Ivan has a great imagination and comes up with quality stuff even at early stages, so it was more like – wow, this is awesome, how about more art for the album? 😉 It all ended with one art per one song as my wife initially suggested, and everyone is happy about it. Ivan is also glad that we decided to go for such a visual extension, creating an additional dimension for the listener who has an LP or CD – turn on the music and study the art.

The album’s title Vi Overlevde (We Survived), is particularly poignant. What was the thought process behind this title? 

While it is also related to the survival of the project itself, it is a rather personal title as well.  We made it through all obstacles and are still standing regardless of challenges and hardships on our paths. I can suggest reading the lyrics that I added to Bandcamp page – it has both Norwegian original and English translation. Although it is always a mix of real life events with imaginatory framework.

A Bandcamp commenter called Progdolphin said the album ‘…plows through moods and styles…’ and he’s absolutely right. What thoughts do you have on the musical influences within Vi Overlevde, and which bands would you say impacted the writing and making of the album?

If we go back to the times when I initially composed the music I would say that it is the Norwegian black metal bands like Carpathian forest and Khold. They had a huge impact on me 20 years ago, however, I have always been a fan of more…if I could say…romantic and melancholic music like My Dying Bride and never limited myself to only metal. Plus my wife has a background in classical music, and I have been exposed to lots of it.

Then when it comes to “making” the album – the original tracks from 2009/2010 have been revisited based on the more mature emotions and I would say that French post-black metal had a huge influence on me (e.g. Celeste, Alcest, Regarde les Hommes Tomber). Further, Ignat has background from doom, sludge, post-metal, and his guitar playing style helped to shape the final picture where he extended and improved my initial thoughts with some great ideas.   

The song For 1000 År Siden is impressively unpredictable, compelling and has substantial power behind it. Is it possible to get some background into this song? What was it like to create?

This was the very first track that I wrote when I came to Norway, created very quickly in an almost manic movement. Of course it did not have the female vocals in the original draft back in the days, but it is still rather close to the rehearsal demo from 209 that I have.

The final shape of the track as it is now came at the very late stage of working on the album, when we already recorded all instruments and harsh vocals. So I was listening to it again and the melody for the clean vocals came into my head, we tested the idea and decided to record it as it was fitting so well. The lyrics in this song are dedicated to my father who was battling colon cancer at the time I was writing the texts. But again, the words are a mix of reality with some metaphoric phantasmagoria.

The change of pace in I Trygde Hender is so effectively achieved; I have found myself listening to it over and over just so I can keep experiencing that shift that comes about in me as I listen. I feel I urgently need to know more about female vocalist Dina, who undoubtedly has some of the most ethereal vocals I’ve ever heard. How did you come to work together?

Thanks! Well, as I said I never limited myself to just one genre and like to play jazz chords on the guitar. Somehow it came to my mind to blend black metal with a jazzy-like piece and then I composed a melody for the vocals and asked my wife to sing it.  Interesting is that this track is the most controversial for many – some people would have preferred it to be without that second part, while there are many that enjoy this diversity.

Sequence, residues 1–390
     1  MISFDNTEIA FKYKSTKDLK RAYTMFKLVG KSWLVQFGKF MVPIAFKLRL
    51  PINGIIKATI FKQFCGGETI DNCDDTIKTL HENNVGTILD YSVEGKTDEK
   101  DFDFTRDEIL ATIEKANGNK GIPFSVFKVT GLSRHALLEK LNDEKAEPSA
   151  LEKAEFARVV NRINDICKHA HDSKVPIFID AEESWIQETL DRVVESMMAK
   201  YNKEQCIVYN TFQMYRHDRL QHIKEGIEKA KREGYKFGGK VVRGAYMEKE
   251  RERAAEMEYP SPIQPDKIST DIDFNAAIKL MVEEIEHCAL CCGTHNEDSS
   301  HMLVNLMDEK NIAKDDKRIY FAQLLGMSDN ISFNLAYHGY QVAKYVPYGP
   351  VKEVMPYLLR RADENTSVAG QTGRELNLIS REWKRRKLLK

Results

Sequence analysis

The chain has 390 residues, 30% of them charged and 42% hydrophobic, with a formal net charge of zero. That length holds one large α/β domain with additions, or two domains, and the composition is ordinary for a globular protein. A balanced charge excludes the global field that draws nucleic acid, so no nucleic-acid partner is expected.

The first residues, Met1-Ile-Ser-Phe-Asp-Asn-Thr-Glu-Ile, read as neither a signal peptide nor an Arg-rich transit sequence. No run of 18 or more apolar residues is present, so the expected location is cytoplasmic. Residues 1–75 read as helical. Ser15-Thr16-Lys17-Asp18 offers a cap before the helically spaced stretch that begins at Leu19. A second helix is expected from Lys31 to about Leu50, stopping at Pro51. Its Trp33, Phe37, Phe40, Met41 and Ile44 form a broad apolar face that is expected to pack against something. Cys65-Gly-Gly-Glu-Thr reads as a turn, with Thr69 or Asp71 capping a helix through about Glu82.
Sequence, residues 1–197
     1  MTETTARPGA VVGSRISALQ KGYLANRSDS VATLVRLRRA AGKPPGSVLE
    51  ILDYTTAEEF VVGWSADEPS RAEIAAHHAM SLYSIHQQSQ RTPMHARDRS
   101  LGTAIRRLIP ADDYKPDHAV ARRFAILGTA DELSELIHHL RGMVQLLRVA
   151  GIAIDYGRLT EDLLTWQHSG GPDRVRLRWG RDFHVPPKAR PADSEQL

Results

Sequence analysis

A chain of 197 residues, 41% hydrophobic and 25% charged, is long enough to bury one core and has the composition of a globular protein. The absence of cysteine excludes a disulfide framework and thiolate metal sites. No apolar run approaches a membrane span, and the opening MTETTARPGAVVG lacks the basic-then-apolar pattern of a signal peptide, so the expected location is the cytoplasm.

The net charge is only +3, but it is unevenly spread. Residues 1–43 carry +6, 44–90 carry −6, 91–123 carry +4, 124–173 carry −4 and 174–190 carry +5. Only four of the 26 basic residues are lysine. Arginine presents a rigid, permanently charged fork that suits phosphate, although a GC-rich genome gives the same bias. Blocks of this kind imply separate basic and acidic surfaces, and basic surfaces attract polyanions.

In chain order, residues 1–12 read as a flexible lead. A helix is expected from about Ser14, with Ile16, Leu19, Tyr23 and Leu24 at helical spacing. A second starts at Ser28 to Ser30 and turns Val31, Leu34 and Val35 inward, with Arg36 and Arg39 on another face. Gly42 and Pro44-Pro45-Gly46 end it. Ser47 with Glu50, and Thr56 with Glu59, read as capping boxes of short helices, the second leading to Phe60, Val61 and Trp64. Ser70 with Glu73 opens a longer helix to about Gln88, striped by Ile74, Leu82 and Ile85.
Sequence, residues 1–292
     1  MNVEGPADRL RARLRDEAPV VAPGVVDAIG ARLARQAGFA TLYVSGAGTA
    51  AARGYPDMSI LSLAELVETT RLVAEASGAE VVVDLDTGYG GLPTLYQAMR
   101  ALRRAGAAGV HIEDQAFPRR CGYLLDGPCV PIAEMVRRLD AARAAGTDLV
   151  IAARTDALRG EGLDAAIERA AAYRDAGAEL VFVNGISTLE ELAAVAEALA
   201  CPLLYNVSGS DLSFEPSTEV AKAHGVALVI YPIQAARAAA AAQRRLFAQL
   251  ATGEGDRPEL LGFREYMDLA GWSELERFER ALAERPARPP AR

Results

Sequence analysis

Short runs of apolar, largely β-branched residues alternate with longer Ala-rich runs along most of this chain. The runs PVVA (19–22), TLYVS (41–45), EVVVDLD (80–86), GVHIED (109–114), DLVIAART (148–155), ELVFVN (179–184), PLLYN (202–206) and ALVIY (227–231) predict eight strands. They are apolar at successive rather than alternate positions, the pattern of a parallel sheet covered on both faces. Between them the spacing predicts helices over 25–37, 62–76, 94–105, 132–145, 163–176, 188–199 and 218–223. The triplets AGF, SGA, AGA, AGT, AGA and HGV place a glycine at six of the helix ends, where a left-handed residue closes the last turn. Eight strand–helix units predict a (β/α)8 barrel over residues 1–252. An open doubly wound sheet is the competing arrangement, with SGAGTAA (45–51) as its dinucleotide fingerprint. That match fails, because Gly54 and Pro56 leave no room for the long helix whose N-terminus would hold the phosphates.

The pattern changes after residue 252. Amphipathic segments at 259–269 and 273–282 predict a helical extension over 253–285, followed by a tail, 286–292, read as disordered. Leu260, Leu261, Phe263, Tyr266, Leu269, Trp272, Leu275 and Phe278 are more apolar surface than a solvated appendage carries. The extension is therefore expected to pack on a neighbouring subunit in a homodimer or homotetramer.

Each track on Vi Overlevde has its own spirit, but together, they work masterfully. The high quality of every aspect of the album gives the impression it took quite some time to make. As I’ve seen it, the response has been phenomenal, with good review following good review. How long did it take to complete this album, and what are your feelings about it now you’ve had time to sit back (I’m guessing!) and reflect a little? 

Thanks! Am I allowed to say it took 10 years to make it happen? 😉 Or should we count actual time spent on it? I think it was beneficial that I did not record the original tracks back in 2010 because I was not mature enough, and probably did not have much to say back then. I had to live it through, had to survive, had to suffer enough through these years to be able to say the words that I put in these songs. And then if we would count from the moment we started recording to the moment we had an album ready for the publisher – around 1 year. But that would not be possible without those 9 years prior to the start of the recording.

Otherwise, I feel great about this album and this is probably one of the most important milestones in my whole life. The process that led to completion of the album had a healing effect on my mental and physical health; I basically changed my lifestyle and attitude to myself and others. I learned a lot and this all started another chapter in life…When it comes to reception of the album – it is simply overwhelming and I can’t believe it is happening.  Super Happy to hear feedback from others that they can relate to the album, especially when people appreciate the lyrics as I put a lot of personal reflections into write-up.

Vi Overlevde is an enormously satisfying album, and to see it performed live would be one hell of an experience. Are there any plans for taking Bizarrekult to the stage? 

Oh yes, there is a definite plan for playing live, although I can’t say anything concrete at the moment. It is work in progress…in discussion, planning. It all depends on many factors, including the current pandemic situation which will hopefully end rather soon.

Have you started working on new material – it’s early, I know, but I’m impatient after hearing the masterpiece that was Vi Overlevde  –  and any final words for those reading? 

Not only started, but LP#2 is ready – eight tracks are recorded and will go to mixing and mastering studio later this year. It simply takes from where Vi overlevde leaves you, making a next step into another level of beauty. If one would call Vi overlevde as “me reflecting about the past”, the next album is “me reflecting on the present.” You will hopefully like it. I can’t speculate about the release date of course, but I hope somewhere mid 2022. Moreover, the pandora box is open and I am writing songs for the 3rd full length album!

Final words – thanks for this opportunity to talk about Bizarrekult and thank you for appreciation of Vi overlevde – it means a lot to everyone involved in the album, especially to myself as the mastermind behind it.